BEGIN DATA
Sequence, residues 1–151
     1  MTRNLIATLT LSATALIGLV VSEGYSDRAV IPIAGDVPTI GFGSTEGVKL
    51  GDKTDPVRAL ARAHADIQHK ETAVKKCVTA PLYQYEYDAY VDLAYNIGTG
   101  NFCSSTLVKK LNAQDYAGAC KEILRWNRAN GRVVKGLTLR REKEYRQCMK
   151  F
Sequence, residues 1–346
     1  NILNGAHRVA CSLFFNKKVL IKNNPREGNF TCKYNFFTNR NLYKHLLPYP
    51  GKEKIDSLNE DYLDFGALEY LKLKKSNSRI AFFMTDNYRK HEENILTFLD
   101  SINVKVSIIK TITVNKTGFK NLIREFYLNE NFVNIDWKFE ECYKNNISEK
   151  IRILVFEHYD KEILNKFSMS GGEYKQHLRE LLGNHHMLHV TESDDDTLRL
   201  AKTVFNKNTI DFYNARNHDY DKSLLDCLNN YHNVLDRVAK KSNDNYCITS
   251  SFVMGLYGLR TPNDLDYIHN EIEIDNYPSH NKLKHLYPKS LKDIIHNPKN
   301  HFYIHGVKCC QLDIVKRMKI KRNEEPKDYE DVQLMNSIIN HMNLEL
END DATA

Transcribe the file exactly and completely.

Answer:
Sequence, residues 1–151
     1  MTRNLIATLT LSATALIGLV VSEGYSDRAV IPIAGDVPTI GFGSTEGVKL
    51  GDKTDPVRAL ARAHADIQHK ETAVKKCVTA PLYQYEYDAY VDLAYNIGTG
   101  NFCSSTLVKK LNAQDYAGAC KEILRWNRAN GRVVKGLTLR REKEYRQCMK
   151  F
Sequence, residues 1–346
     1  NILNGAHRVA CSLFFNKKVL IKNNPREGNF TCKYNFFTNR NLYKHLLPYP
    51  GKEKIDSLNE DYLDFGALEY LKLKKSNSRI AFFMTDNYRK HEENILTFLD
   101  SINVKVSIIK TITVNKTGFK NLIREFYLNE NFVNIDWKFE ECYKNNISEK
   151  IRILVFEHYD KEILNKFSMS GGEYKQHLRE LLGNHHMLHV TESDDDTLRL
   201  AKTVFNKNTI DFYNARNHDY DKSLLDCLNN YHNVLDRVAK KSNDNYCITS
   251  SFVMGLYGLR TPNDLDYIHN EIEIDNYPSH NKLKHLYPKS LKDIIHNPKN
   301  HFYIHGVKCC QLDIVKRMKI KRNEEPKDYE DVQLMNSIIN HMNLEL